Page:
Modern portfolio theory
Sixty years have passed since Harry Markowitz’s path-breaking article ‘Portfolio Selection’ was published (see Markowitz 1952). Because the more recently advocated approaches to portfolio optimization are still based on this approach, Markowitz’s work on modern portfolio theory will be reviewed in this chapter. In the next section the approach itself will be discussed and subsequently the problems encountered in practice are highlighted. Within this last section the path is laid for the topics covered in Part III of the book, where portfolio optimization techniques designed to cope with the problems of modern portfolio theory and/or are tailor-made for certain investors’ demands will be covered.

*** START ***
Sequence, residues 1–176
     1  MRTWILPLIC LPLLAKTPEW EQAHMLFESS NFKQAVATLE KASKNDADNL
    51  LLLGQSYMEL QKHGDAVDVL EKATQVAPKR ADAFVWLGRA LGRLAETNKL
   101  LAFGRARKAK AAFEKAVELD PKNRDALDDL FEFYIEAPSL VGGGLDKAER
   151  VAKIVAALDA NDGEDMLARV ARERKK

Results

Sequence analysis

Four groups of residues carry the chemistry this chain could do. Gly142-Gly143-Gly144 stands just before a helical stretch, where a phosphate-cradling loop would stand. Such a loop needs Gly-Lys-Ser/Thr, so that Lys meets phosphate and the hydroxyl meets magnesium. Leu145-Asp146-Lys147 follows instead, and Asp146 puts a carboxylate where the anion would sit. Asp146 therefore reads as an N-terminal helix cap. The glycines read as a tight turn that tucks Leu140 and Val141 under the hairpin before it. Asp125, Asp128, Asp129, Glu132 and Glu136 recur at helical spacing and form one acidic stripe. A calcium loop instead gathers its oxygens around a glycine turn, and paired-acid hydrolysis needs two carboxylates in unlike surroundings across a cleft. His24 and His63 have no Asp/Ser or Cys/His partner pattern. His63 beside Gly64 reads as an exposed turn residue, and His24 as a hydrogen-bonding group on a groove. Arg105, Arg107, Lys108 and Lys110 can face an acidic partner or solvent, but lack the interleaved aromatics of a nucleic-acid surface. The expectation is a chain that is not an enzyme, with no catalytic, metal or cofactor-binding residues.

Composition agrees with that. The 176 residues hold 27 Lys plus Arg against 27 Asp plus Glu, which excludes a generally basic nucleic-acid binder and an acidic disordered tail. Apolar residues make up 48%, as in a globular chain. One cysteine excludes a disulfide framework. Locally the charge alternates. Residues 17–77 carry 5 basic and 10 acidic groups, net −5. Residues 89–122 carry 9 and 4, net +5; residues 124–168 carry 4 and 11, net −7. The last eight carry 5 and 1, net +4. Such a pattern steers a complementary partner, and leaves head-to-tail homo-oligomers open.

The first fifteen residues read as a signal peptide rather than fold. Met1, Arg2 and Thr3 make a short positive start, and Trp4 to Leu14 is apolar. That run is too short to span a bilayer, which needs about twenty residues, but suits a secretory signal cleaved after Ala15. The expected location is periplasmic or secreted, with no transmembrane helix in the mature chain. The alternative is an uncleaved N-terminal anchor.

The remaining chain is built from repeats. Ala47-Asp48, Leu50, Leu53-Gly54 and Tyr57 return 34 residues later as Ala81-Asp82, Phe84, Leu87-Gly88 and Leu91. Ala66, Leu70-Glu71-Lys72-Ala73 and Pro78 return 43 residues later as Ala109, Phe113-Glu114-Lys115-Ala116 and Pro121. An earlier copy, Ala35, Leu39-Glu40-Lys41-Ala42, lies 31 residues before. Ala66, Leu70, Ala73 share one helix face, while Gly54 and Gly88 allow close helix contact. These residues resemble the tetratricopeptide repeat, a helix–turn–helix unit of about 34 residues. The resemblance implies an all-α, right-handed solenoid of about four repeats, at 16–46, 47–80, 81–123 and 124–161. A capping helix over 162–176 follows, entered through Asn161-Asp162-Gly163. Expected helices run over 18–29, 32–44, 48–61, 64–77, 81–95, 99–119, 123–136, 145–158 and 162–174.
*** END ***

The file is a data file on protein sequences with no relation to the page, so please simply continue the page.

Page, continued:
Given the turbulence in the financial markets witnessed during the first decade of this century, the focus of academia and practitioners alike has again shifted to the Markowitz approach for selecting assets in a portfolio, in particular minimum variance portfolios. Thus, the concluding remark of Rubinstein’s article on the occasion of the fiftieth anniversary of Markowitz’s seminal paper remains true:
Near the end of his reign in 14 AD, the Roman emperor Augustus could boast that he had found Rome a city of brick and left it a city of marble. Markowitz can boast that he found the field of finance awash in the imprecision of English and left it with the scientific precision and insight made possible only by mathematics. (Rubinstein 2002)
5.2 Markowitz ...